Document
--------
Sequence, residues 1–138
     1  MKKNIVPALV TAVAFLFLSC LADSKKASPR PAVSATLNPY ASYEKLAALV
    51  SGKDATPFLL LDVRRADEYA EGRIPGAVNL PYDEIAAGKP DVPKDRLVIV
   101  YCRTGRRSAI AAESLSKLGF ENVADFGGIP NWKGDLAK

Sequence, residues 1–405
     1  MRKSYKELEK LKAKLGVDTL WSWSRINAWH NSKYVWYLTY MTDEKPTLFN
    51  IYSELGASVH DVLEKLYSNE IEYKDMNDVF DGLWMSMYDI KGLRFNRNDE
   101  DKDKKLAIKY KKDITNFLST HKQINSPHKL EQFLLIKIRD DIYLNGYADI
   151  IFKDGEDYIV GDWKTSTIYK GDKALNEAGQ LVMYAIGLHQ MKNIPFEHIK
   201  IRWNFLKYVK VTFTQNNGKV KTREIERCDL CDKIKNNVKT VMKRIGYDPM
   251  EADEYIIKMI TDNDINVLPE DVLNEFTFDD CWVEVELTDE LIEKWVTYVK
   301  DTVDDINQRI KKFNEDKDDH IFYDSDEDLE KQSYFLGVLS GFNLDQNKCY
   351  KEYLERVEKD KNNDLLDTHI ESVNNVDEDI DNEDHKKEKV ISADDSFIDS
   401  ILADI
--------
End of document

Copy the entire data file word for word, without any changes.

Sequence, residues 1–138
     1  MKKNIVPALV TAVAFLFLSC LADSKKASPR PAVSATLNPY ASYEKLAALV
    51  SGKDATPFLL LDVRRADEYA EGRIPGAVNL PYDEIAAGKP DVPKDRLVIV
   101  YCRTGRRSAI AAESLSKLGF ENVADFGGIP NWKGDLAK

Sequence, residues 1–405
     1  MRKSYKELEK LKAKLGVDTL WSWSRINAWH NSKYVWYLTY MTDEKPTLFN
    51  IYSELGASVH DVLEKLYSNE IEYKDMNDVF DGLWMSMYDI KGLRFNRNDE
   101  DKDKKLAIKY KKDITNFLST HKQINSPHKL EQFLLIKIRD DIYLNGYADI
   151  IFKDGEDYIV GDWKTSTIYK GDKALNEAGQ LVMYAIGLHQ MKNIPFEHIK
   201  IRWNFLKYVK VTFTQNNGKV KTREIERCDL CDKIKNNVKT VMKRIGYDPM
   251  EADEYIIKMI TDNDINVLPE DVLNEFTFDD CWVEVELTDE LIEKWVTYVK
   301  DTVDDINQRI KKFNEDKDDH IFYDSDEDLE KQSYFLGVLS GFNLDQNKCY
   351  KEYLERVEKD KNNDLLDTHI ESVNNVDEDI DNEDHKKEKV ISADDSFIDS
   401  ILADI